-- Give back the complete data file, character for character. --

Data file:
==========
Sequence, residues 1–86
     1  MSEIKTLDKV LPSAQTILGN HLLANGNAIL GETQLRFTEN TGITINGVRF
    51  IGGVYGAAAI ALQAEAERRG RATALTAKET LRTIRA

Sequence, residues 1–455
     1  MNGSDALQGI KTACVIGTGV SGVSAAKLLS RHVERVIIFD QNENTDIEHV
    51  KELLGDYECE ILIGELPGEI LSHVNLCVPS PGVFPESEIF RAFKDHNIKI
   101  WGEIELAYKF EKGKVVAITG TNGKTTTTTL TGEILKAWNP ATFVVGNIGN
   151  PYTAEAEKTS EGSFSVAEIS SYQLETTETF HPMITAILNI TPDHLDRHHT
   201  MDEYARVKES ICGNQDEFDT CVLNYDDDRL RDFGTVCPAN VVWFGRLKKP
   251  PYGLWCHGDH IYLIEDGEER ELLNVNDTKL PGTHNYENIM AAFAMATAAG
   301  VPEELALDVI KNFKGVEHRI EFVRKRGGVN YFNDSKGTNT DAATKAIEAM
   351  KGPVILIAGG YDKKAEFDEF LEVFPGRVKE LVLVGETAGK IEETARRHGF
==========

Sequence, residues 1–86
     1  MSEIKTLDKV LPSAQTILGN HLLANGNAIL GETQLRFTEN TGITINGVRF
    51  IGGVYGAAAI ALQAEAERRG RATALTAKET LRTIRA

Sequence, residues 1–455
     1  MNGSDALQGI KTACVIGTGV SGVSAAKLLS RHVERVIIFD QNENTDIEHV
    51  KELLGDYECE ILIGELPGEI LSHVNLCVPS PGVFPESEIF RAFKDHNIKI
   101  WGEIELAYKF EKGKVVAITG TNGKTTTTTL TGEILKAWNP ATFVVGNIGN
   151  PYTAEAEKTS EGSFSVAEIS SYQLETTETF HPMITAILNI TPDHLDRHHT
   201  MDEYARVKES ICGNQDEFDT CVLNYDDDRL RDFGTVCPAN VVWFGRLKKP
   251  PYGLWCHGDH IYLIEDGEER ELLNVNDTKL PGTHNYENIM AAFAMATAAG
   301  VPEELALDVI KNFKGVEHRI EFVRKRGGVN YFNDSKGTNT DAATKAIEAM
   351  KGPVILIAGG YDKKAEFDEF LEVFPGRVKE LVLVGETAGK IEETARRHGF